Social media has become just the norm. It’s how we communicate with our friends. It’s how we stay in touch with our family. For many of us, the first thing we do in the morning is check our Facebook newsfeed. It’s just a part of us that way. Well, for me, anyway.
Recently, I was scrolling through my newsfeed and saw a status update from a friend I hadn’t talked to in a while. Because I hadn’t talked to her in a while the status update caught my eye. I was eager to see what was going on with her. Imagine my surprise when I read the update. It was from my friends sister. She was letting all of us know that she had passed away. Apparently my friend had passed away on Christmas Eve of 2012. I was in total shock. She wasn’t a friend that I talked to every day. We checked in with each other periodically. We asked about each others kids and just the general life stuff. Still, this hurt. We used to be neighbors back when I lived in Ohio. She’d since moved to Pennsylvania and then back home to Georgia. I, of course, ended up here in Los Angeles.
Her sister had just gained access to her Facebook page and decided to update us all. Many of us were totally in shock. Some people were upset that we’d all found out on Facebook. I admit, I found it odd. The thing is, I also recognize that had it not been for Facebook, I wouldn’t know that she was no longer here. So, I take it for what it’s worth. This is what it’s come to. We find out about life events through social media all the time. Pregnancies, marriages, new jobs, graduations and now death. I don’t think I ever saw it going here. Her family is going to keep her page and use it to update us about her kids. I will be odd to see her name and picture flash in my timeline knowing she’s gone.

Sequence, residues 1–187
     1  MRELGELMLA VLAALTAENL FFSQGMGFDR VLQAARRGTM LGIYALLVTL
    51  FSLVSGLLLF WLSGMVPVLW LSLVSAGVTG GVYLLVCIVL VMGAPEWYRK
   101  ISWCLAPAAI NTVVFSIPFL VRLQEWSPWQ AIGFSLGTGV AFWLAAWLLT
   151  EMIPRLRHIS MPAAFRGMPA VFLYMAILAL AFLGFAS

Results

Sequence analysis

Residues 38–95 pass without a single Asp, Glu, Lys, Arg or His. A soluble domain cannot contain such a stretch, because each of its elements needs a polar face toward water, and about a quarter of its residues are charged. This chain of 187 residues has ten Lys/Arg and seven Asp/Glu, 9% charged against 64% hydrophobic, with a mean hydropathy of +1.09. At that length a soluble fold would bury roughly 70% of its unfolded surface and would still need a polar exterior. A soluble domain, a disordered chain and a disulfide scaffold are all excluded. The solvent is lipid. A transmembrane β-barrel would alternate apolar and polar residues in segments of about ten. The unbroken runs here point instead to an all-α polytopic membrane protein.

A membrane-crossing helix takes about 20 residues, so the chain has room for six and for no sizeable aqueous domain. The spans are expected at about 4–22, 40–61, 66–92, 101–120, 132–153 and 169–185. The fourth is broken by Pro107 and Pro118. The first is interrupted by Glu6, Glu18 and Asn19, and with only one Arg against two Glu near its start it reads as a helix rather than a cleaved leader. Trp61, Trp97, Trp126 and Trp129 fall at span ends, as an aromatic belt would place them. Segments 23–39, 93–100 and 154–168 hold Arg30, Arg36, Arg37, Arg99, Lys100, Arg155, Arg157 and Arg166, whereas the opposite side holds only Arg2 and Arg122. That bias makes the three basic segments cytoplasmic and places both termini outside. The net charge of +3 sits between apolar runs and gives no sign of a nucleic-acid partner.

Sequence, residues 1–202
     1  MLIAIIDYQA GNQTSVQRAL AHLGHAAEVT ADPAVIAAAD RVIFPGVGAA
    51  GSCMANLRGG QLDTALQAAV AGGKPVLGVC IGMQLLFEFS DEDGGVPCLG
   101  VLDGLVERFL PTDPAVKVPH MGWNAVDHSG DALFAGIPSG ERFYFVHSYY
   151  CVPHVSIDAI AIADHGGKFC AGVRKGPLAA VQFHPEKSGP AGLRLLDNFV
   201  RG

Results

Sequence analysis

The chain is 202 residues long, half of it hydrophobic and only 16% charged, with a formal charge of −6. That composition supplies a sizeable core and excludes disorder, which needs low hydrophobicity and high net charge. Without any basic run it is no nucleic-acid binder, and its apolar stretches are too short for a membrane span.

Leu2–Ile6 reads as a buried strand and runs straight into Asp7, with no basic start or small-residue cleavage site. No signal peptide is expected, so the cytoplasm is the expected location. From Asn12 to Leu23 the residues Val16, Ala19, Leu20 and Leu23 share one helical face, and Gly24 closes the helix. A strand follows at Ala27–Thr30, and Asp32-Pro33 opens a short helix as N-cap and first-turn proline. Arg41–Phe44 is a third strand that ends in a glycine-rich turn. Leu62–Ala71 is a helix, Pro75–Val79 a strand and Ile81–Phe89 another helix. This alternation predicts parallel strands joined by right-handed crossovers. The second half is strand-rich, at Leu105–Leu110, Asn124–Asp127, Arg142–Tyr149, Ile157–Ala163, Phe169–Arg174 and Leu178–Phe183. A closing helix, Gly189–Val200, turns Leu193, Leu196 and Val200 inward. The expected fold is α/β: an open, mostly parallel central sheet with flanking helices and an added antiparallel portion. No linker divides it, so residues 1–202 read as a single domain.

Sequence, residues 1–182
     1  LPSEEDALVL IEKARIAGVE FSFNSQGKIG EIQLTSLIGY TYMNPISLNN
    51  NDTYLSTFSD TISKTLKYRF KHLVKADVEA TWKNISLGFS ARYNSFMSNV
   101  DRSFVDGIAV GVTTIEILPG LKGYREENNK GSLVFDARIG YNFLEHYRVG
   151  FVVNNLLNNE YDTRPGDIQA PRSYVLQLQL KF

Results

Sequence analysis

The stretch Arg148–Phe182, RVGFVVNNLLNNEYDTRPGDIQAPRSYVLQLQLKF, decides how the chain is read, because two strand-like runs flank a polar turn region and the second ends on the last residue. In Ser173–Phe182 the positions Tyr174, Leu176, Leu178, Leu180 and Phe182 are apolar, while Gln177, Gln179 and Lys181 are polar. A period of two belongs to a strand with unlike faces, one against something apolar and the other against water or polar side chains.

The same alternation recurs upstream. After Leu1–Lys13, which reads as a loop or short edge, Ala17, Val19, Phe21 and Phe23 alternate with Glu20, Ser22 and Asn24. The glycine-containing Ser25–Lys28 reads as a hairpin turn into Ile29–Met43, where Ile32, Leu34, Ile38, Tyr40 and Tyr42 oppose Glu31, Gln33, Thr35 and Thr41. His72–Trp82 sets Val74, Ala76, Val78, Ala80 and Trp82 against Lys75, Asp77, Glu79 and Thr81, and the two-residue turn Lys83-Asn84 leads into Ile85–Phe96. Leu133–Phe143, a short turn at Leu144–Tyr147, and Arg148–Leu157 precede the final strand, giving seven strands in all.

Her death hit me in another way as well. I remember her being in LOVE with her children. She has two boys and they were her world. Her oldest son is 15 and the other is 6. I couldn’t help but to think about them. I thought the realness of her leaving her children behind. I thought about the realness of her two boys having to grow up, cope and get through losing their mother. It’s almost too much to take. For them, I’m sure it does feel like too much.